Phare Ponleu Selpak (PPS), a non-governmental organization, was established in 1994 by eight young Cambodians who returned to their country after a childhood spent in refugee camps at the Thai border. Recognizing the importance of preserving their culture and Khmer art, the founders developed social and educational programs for vulnerable children living in difficult situations — including street kids, trafficked children and orphans.
PPS has used theater and circus arts to help them reintegrate into society, vastly improving the choices available to these young people as they reach adulthood.
You'll see PPS's positive impact on the talented performers of Phare, a circus arts troupe that performs different shows throughout the year. The show (see below for the list of performances) elevates Cambodian culture, history and beliefs through music, dance, acrobatics, juggling, aerial arts, contortion and other circus skills.
You have the choice of open seating, or select an upgrade to preferred seating in front center rows that includes refillable sports water bottle with cold water (Section A only)
Steeped in Cambodian culture and popular beliefs, Eclipse is a tale of discrimination. A young man, who suffers from rejection because of his difference, prays for divine intervention. The gods transform him into a very attractive woman who suddenly receives a lot of positive attention until a mysterious plague begins to consume all the villagers.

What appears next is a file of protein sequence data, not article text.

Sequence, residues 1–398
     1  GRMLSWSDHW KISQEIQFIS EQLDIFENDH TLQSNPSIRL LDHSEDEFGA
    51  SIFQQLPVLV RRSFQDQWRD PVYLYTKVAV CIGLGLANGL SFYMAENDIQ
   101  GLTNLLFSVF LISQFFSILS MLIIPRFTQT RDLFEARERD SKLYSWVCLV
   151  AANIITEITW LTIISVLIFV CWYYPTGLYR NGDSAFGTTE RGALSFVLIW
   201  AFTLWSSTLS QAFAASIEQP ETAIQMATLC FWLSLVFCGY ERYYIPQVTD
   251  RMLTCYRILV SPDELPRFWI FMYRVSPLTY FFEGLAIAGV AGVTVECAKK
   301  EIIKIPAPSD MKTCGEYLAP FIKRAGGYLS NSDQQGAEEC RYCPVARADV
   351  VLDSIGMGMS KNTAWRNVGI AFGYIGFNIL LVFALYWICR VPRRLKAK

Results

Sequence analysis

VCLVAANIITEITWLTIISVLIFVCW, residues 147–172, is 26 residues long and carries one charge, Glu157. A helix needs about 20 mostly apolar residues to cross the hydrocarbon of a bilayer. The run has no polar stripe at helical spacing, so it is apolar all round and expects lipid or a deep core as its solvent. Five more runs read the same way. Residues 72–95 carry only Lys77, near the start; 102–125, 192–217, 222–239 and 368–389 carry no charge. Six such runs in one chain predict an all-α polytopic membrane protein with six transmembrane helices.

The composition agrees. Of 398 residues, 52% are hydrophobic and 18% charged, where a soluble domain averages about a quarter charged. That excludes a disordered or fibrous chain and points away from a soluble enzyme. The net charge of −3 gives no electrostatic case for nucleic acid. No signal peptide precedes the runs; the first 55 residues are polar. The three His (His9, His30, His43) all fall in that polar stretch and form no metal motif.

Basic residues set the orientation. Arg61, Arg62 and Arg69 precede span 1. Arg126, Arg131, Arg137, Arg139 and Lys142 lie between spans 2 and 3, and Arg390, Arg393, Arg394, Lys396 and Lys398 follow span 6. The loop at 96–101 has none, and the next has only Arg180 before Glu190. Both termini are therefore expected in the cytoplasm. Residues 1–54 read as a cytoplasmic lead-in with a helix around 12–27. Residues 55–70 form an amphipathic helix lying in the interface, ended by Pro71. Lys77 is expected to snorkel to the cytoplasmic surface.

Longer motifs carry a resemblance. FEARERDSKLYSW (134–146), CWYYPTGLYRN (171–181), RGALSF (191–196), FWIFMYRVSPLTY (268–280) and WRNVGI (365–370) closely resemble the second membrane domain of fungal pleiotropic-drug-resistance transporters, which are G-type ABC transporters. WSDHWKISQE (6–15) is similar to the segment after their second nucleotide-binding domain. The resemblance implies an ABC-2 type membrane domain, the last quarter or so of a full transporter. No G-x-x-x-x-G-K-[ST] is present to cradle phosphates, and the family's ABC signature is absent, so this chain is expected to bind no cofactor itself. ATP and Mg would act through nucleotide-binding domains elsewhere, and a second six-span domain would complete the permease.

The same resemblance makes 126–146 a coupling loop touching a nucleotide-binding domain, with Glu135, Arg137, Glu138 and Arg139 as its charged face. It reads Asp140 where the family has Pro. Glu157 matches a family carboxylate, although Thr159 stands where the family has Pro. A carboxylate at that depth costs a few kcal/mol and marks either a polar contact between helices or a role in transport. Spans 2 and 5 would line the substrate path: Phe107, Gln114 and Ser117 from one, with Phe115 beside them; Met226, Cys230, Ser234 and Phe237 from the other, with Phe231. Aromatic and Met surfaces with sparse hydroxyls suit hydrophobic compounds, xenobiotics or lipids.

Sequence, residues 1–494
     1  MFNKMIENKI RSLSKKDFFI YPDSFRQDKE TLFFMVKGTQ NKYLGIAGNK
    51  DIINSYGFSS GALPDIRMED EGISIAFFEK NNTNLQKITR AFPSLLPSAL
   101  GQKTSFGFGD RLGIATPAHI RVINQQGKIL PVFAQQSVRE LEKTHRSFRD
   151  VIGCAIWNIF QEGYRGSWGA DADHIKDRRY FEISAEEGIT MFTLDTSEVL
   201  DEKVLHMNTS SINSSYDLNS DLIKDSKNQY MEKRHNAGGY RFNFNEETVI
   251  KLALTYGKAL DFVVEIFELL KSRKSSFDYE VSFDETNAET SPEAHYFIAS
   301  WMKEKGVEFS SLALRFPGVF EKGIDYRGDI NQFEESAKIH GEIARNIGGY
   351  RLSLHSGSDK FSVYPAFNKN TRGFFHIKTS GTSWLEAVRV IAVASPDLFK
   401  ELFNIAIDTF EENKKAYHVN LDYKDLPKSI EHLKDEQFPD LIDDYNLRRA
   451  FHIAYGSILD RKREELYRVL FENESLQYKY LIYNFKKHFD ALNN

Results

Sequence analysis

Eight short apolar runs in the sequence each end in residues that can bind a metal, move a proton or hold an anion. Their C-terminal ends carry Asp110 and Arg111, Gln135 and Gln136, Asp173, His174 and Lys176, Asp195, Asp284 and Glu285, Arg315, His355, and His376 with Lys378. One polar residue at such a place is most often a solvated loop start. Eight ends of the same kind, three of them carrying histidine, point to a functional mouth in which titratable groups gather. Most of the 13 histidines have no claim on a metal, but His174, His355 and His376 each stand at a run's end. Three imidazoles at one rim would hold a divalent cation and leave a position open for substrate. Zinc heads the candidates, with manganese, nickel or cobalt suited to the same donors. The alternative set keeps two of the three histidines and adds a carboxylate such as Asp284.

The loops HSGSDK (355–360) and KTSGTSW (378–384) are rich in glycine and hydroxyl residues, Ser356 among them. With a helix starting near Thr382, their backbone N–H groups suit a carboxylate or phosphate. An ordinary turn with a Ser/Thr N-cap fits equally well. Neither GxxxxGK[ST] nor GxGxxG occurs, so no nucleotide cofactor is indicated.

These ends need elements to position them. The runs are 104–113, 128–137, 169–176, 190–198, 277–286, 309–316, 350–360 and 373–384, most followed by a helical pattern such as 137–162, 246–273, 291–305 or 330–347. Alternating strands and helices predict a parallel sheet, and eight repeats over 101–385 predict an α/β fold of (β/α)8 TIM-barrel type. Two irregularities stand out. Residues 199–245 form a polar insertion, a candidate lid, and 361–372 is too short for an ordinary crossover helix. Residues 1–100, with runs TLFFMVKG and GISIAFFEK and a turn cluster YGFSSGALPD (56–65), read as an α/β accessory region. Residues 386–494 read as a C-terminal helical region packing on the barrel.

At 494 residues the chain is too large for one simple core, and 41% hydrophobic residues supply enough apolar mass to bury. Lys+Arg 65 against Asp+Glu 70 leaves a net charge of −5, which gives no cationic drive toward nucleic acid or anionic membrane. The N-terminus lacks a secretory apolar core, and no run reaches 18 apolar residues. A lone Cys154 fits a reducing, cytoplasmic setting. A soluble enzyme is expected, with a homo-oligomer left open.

An edgy, progressive and modern tale about urban life. In a funky Phnom Penh rock bar, the well-connected owner, small dealer and occasional fraudster, is used to getting into trouble with his ‘brother,’ the nominal bar security guard. Don't be surprised to feel reverberations in your chest as Phare musicians pound on drums.
The story of the eponymous war child who is haunted by visions of the Cambodian Civil War and the destruction after the Khmer Rouge regime.This is the story of Sokha’s journey where memories take on a surreal twist into myths and facts. The performance uses different art forms such as circus, visual art, traditional Khmer music and dance.
A bold performance that taps into the fears and anxieties of human beings. The show focuses on supernatural events in a classroom, where students face their fears in order to overcome them.
The show title translates to ‘Oh My God!’ in Khmer, and this allegory highlights the relationship between boys and girls in Cambodia today. Acrobatic, juggling, balancing, tightrope walking and contortion techniques are accompanied by exquisite live music using both traditional and modern instruments. Its extravagant characters offer an artistic vision of their society’s evolution through an explosion of virtuosity and humor.
Same Same but Different
Through a series of everyday situations, “Same Same But Different” explores the different habits and ways of living between Cambodians and foreign visitors. A sudden downpour, an unexpected power outage, a hectic boat trip and a relaxing dinner all provide the backdrops for funny encounters and opposing perspectives. But in every situation they find understanding and connect at a human level.